Labor’s internal squabbles, conducted as usual on the front page of The Australian, can be summarised in a single sentence. How far should the Party go in accommodating the Greens, who are in effect Labor’s left wing? It is too early to ask this question, let alone try to answer it.

    A better policy now for Honourable Labor Members is to shine the spotlight on the Government, not on themselves.

  4. Rosemary O'Grady says:

    This plays the game of personalities and leadership-speculation.
    None of that can rescue Labor, which is fatally-flawed (I nearly wrote: ‘infected’) by the Sussex Street codes of conduct and misbehaviour. When I say ‘Sussex Street’ you know I mean all the machines, not only the big one in Sydney.
    The recent history of the ALP’s disorganization and mismanagement gives no hope of change or rehabilitation. There is no discipline in the interests of the rank and file and hyperbolizing in the name of certain nicely- dressed gals does not amount to A Kevin Rudd-style ‘hill of beans’ – They ought to be nicely-dressed: their salaries are astronomical. V. Gordon Childe killed himself 60+ years ago, in part because of what Labour (sic) had become/was becoming. It has not improved.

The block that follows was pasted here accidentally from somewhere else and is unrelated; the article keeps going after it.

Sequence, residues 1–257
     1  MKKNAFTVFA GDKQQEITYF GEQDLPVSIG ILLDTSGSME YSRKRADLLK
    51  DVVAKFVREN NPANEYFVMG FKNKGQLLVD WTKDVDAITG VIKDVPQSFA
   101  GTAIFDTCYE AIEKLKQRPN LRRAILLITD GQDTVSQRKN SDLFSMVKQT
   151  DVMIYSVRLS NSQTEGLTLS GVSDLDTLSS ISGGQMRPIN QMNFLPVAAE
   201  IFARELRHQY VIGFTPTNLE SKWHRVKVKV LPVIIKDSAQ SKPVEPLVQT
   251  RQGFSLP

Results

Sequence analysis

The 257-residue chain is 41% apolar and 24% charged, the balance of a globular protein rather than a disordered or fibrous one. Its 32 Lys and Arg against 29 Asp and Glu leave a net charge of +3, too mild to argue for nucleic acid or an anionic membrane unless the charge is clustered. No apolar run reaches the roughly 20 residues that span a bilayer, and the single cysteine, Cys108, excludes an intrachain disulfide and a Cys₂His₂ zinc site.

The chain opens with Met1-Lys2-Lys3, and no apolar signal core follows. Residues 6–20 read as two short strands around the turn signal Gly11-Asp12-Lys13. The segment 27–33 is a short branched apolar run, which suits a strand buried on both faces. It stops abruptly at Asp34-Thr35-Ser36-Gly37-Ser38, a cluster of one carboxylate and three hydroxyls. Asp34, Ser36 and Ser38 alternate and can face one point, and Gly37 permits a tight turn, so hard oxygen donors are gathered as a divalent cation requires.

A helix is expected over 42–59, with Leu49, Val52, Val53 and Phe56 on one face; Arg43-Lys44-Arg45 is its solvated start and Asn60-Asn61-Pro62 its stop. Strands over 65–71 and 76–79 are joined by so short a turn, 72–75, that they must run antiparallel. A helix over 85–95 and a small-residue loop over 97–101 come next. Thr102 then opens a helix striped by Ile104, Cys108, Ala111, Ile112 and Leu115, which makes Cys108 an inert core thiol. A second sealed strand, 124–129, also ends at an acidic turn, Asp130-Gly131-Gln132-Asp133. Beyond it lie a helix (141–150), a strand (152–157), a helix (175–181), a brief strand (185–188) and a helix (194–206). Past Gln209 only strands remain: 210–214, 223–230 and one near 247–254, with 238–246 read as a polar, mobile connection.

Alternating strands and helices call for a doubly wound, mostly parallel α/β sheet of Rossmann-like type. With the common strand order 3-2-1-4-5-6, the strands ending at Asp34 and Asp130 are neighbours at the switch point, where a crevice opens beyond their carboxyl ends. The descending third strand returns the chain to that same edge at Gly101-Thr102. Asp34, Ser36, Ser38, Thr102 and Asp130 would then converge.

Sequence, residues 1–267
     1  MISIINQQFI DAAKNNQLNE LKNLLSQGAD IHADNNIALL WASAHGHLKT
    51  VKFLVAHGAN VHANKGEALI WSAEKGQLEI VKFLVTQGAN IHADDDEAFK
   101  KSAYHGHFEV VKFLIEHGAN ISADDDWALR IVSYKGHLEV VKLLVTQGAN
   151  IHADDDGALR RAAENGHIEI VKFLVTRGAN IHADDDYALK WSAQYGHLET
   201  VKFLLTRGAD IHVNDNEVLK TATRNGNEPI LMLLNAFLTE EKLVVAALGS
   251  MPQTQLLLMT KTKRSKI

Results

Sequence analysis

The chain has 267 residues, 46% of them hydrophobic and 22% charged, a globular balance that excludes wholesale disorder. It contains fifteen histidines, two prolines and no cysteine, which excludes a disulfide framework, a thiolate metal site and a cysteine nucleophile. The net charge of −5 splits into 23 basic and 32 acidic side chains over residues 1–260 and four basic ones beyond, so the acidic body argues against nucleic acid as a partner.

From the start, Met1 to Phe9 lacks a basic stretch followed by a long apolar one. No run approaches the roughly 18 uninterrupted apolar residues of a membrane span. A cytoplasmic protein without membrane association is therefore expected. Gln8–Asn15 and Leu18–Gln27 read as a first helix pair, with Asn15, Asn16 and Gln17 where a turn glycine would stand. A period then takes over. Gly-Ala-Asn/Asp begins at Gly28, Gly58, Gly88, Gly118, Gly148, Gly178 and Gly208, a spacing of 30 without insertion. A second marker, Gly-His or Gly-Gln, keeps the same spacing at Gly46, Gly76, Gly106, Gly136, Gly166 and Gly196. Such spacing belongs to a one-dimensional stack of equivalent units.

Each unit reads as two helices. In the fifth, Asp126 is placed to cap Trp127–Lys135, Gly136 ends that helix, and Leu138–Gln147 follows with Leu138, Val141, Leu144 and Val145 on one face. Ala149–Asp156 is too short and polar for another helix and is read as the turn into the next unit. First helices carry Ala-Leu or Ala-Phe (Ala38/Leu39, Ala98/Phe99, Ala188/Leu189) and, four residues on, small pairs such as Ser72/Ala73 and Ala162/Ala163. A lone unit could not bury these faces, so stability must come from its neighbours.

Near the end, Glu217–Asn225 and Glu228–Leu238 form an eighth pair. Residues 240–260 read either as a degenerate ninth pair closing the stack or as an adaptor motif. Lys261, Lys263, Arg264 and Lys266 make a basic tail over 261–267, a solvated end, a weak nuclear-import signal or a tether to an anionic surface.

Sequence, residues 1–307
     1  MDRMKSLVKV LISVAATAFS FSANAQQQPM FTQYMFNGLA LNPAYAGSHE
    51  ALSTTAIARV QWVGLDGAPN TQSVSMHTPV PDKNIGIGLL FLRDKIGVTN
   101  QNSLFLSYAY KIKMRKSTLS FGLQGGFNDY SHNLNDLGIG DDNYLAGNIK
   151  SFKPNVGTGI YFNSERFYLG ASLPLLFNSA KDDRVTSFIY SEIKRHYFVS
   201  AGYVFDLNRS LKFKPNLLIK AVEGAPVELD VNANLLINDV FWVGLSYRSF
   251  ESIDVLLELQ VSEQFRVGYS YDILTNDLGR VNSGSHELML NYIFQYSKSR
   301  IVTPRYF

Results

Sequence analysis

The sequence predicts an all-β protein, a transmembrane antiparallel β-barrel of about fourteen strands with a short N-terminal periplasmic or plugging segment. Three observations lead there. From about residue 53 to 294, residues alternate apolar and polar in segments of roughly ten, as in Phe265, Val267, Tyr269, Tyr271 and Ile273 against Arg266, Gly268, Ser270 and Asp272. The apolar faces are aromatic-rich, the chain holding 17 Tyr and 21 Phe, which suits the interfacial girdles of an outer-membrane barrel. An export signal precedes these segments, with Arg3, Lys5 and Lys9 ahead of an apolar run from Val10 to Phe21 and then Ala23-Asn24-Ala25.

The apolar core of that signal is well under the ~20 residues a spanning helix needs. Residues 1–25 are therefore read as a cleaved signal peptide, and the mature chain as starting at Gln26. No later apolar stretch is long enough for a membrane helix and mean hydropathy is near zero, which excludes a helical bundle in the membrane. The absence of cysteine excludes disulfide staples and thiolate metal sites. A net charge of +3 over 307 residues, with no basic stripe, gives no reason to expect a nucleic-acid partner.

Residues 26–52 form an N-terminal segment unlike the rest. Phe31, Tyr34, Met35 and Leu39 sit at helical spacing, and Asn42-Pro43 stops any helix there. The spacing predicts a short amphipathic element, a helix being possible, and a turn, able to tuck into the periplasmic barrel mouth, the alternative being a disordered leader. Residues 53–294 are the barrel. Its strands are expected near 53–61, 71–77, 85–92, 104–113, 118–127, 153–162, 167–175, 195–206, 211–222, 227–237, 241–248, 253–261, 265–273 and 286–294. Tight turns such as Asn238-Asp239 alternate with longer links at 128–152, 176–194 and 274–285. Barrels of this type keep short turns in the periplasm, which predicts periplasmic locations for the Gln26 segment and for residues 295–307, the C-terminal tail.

5. We have, already, the example of how News Corp treats female Labor in Julia Gillard though, admittedly, the context was different. Nevertheless, Kevin Rudd’s recent par suggests that News now operates as a political party so context is probably irrelevant. Add the report that 85% have zero interest in politics and it is difficult to see Labor “cutting through” on any issue while the current media paradigm prevails.

  6. Jason Hayes says:

    Well its a pretty good idea to have those two ladies as leaders of the labor party, and i agree at the moment labor just looks stale and uninteresting, but I’m pretty sure they are both on record as saying they don’t want to be leader. So any more ideas? We certainly need some.

  7. Evan Hadkins says:

    Putting the competent in may change some people.

    I think people dislike the policies. Unless these change I don’t think Labor will get a following. Esp. among the young who care about the future of the planet.

    At the last election they didn’t even support raising the dole. A multi-national accounting corporate is now more progressive than Labor.

    Also, stop torturing children.

  8. Andrew Glikson says:

    Penny Wong appears to be equivocal about climate change:
    “Labor Senator Penny Wong Slammed For Her “Seriously Disappointing” Comments About Coal” … “But on the plus side, it turns out Labor wouldn’t have been that much better” … “But on Sunday, Wong went on ABC’s Insiders and conceded that Labor wouldn’t have signed up to the plan to ditch coal either.” (https://junkee.com/penny-wong-coal/218503) – the definitive issue of our times.